The tax raises the price of the good BUT not by the full amount of the tax, dependent upon relative elasticities between buyers and sellers.  Because consumers are price sensitive (elasticity of 1.3) they decrease their Quantity Demanded (Point "A" to Point "B" along the "D*") because they have other online options with no sales taxes collected ("Substitution Effect").

The new Market Quantity will be at "Q1", less than it was prior to the tax.  So, solely due to the levying of the Sales Tax, Dead Weight Loss was created.  This means that there is a quantity of the good consumers don't get to enjoy at a lower price (area of Demand Curve represented by BLUE Triangle) and there is a quantity of the good that Amazon does not get to supply at a higher price (Red Triangle).

Notice the RED triangle is larger than the BLUE one.  This means that Amazon will bear a larger portion of the tax and will not be able to fully pass it on to the consumer. If they did, it would make things much worse for them. Consumers would move further UP and to the LEFT on the Demand curve, making the quantity sold even lower.

Monday, April 21, 2014

Chipotle and Marginal Revenue Product of Labor (MRP(L)). My two favorite things in one blog entry. Life is good (with a side of guac)..

Here is a nice real-life example using Chipolte to illustrate the AP Microeconomics concept of "Marginal Revenue Product of Labor (MRP L)".

Calculating MRPL is important in determining how many workers a firm should hire.

MRPL is obtained by multiplying Marginal Product ("MP") times the Price ("P") of the Good or Service.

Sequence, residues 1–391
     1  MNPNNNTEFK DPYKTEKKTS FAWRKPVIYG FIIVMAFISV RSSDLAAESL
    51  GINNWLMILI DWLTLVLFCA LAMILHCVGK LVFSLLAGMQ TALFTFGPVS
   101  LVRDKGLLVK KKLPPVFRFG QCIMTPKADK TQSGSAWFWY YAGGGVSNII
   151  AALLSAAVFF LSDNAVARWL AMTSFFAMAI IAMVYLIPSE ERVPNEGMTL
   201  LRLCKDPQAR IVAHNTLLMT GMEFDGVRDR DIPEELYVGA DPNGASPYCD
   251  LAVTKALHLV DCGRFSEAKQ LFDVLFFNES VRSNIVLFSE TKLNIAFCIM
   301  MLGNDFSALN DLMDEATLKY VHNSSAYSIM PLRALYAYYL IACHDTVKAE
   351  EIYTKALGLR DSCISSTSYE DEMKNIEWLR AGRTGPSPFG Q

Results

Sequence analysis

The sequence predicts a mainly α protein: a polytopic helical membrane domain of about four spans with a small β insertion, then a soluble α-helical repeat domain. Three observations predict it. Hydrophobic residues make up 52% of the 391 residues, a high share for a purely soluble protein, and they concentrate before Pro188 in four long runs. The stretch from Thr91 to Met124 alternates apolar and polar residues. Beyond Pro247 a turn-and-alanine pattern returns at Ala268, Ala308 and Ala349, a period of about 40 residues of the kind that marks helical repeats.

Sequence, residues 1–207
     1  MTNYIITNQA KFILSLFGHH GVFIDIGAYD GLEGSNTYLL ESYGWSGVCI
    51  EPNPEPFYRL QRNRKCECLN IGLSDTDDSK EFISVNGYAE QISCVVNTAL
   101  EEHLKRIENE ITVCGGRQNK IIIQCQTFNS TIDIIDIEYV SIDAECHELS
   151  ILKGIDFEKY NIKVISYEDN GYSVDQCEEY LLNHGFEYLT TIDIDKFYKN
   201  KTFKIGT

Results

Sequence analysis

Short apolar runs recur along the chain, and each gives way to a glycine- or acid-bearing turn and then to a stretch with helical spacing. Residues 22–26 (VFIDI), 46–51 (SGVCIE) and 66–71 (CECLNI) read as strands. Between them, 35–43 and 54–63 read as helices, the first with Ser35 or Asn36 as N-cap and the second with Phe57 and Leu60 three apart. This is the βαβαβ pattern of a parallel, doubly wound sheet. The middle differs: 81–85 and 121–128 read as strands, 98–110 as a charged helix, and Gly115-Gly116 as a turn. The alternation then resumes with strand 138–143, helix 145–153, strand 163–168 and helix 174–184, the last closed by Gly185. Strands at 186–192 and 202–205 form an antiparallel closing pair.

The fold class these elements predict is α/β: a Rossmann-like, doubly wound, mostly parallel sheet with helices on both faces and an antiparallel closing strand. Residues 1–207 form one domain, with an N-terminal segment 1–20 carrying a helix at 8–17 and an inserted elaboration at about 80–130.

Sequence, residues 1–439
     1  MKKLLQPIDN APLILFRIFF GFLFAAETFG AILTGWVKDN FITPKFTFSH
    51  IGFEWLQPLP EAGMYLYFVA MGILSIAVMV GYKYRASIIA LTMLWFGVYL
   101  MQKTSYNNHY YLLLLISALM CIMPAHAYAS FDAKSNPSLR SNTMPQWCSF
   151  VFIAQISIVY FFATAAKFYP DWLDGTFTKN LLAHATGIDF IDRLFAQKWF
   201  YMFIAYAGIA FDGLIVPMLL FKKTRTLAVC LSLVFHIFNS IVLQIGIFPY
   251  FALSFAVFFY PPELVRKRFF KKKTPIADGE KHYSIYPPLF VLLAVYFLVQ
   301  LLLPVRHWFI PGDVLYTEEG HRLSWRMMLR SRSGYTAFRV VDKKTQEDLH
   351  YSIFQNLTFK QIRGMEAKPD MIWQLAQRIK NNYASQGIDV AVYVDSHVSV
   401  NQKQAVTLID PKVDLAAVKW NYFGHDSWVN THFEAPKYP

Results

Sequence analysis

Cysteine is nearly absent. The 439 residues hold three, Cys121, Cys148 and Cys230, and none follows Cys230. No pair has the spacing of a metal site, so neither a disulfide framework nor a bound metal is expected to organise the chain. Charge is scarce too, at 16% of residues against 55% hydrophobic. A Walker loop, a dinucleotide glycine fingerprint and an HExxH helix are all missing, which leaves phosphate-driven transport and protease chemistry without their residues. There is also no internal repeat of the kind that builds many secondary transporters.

Marginal Product is the physical amount of production EACH worker adds to the total.

So if a worker produces 10 units of a good (their "Marginal Product (MP)") and the price of the good is $1.00 then the Marginal Revenue Product of that workers Labor (MRPL) is $10.00.

Assuming Labor is the only input, a firm will hire up to the point where "MRP of Labor = Marginal Resource Cost (MRC)".  MRC is a fancy way of saying "Wage".  The MOST I am willing to pay this worker is $10.00 per hour.

Chipotle continues to refine the science of burrito velocity

Over the first three months of 2014, the US Mexican-food chain saw an average increase of seven transactions per hour at both peak lunch and dinner hours—12 to 1pm and 6 to 7pm, respectivelyOn Fridays, one of its busiest days of the week, Chipotle fielded 11 more customers per hour at lunchtime on average across its stores, a roughly 10% increase.
Chipolte has increased productivity on the burrito assembly line. Through efficiencies they have increased the number of transactions per hour.

This suggests that the Marginal Product of Labor for each worker has increased. Using my simple example above, if we increased productivity 10% then my worker now produces 11 units of the good.  If the price stays the same then the MRPL is now $11.00 (11 units of the good times $1.00).

Now, the firm faces a choice.